Robinson Crusoe on Mars is silly. It’s inconsistent and silly. The film survives a weak first act–the narrative trick of opening with one character (played, poorly, by Adam West) and then transferring to another (Paul Mantee) is fine, only Mantee doesn’t get any good material for quite a while. Mars, which–as the title suggests–is about a man alone on Mars–often requires its characters to act like complete morons.
Could the film get away with it if characters were exhibiting real panic? Sure. But they don’t. Mantee gets a dream sequence at one point in the early second act; the movie could have gotten real interesting at that point, but doesn’t. It does, however, get better. Mantee, all by himself, gets a lot better.
And director Haskin shows some creativity with the pacing through these sequences. Mars surprises, something Ib Melchior and John C. Higgins’s script otherwise seems hesitant to attempt. Instead, the script usually plays for the most obvious. Unfortunately, Haskin doesn’t have any problem with it–especially in the third act, which goes on forever and never does anything.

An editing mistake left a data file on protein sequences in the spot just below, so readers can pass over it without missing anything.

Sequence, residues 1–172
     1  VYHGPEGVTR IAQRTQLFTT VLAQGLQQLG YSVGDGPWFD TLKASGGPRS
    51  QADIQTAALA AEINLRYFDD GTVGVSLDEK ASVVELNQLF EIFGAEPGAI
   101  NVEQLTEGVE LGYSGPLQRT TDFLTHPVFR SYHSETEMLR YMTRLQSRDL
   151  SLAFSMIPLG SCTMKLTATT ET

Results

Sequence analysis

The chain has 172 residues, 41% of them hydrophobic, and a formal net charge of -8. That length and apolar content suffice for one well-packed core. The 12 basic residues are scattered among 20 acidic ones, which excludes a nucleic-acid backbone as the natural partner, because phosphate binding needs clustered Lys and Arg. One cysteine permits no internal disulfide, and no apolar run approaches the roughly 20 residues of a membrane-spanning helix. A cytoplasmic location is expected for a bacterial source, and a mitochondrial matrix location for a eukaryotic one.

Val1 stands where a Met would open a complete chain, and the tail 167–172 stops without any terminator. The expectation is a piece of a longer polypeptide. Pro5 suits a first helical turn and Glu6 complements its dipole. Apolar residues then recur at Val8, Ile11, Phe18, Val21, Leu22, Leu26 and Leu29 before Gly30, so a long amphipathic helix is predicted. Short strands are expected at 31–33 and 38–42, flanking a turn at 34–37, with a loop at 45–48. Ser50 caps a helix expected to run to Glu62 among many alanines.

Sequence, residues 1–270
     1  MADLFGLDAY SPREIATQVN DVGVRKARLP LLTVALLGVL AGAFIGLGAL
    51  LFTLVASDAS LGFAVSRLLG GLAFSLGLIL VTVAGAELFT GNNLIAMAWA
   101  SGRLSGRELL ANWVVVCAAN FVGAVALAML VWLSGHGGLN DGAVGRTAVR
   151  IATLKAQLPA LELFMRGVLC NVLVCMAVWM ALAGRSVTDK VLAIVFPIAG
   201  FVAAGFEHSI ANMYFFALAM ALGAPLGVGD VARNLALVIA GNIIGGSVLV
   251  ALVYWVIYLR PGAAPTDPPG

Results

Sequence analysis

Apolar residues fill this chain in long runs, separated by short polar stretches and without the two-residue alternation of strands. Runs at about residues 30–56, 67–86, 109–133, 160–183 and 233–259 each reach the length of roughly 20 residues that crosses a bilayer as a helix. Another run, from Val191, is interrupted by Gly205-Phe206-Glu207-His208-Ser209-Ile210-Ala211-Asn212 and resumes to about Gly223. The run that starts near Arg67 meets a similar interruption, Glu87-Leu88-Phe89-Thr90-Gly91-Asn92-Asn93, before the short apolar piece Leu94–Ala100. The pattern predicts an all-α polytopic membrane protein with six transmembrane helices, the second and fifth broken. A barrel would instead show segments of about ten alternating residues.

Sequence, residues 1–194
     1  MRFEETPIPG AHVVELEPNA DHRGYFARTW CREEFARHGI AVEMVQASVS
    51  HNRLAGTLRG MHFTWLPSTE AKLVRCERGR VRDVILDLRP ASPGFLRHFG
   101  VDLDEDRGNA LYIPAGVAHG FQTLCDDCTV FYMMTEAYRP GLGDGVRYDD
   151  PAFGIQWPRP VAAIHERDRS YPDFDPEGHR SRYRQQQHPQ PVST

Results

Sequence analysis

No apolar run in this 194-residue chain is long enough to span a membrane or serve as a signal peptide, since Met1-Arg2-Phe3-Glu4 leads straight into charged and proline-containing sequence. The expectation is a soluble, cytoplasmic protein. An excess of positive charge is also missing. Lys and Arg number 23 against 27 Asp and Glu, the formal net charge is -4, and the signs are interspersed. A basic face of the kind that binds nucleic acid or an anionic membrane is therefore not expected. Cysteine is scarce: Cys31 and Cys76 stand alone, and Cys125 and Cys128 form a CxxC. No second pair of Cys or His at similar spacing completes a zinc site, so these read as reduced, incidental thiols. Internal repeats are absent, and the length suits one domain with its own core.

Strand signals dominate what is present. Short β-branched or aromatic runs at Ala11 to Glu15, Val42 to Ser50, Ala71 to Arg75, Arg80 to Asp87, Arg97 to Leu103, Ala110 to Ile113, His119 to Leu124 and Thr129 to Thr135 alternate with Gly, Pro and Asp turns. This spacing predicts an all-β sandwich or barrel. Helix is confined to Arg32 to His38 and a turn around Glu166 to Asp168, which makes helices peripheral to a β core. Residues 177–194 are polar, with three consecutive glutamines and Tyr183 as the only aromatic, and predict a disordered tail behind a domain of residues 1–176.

There’s a lot with Mantee’s monkey sidekick. Then Mantee upgrades to a humanoid–Victor Lundin as an escaped alien slave–and the monkey disappears. Only the script’s so bad regarding Mantee and Lundin’s relationship and character development, Mars worked a lot better with the monkey.
The ending flops too.
Rather good editing from Terry O. Morse helps things and Van Cleave’s music’s nice.
Otherwise, Mars’s rough.
Directed by Byron Haskin; screenplay by Ib Melchior and John C. Higgins, based on a novel by Daniel Defoe; director of photography, Winton C. Hoch; edited by Terry O. Morse; music by Van Cleave; produced by Aubrey Schenck; released by Paramount Pictures.
Starring Paul Mantee (Cmdr. Christopher Draper), Victor Lundin (Friday) and Adam West (Col. Dan McReady).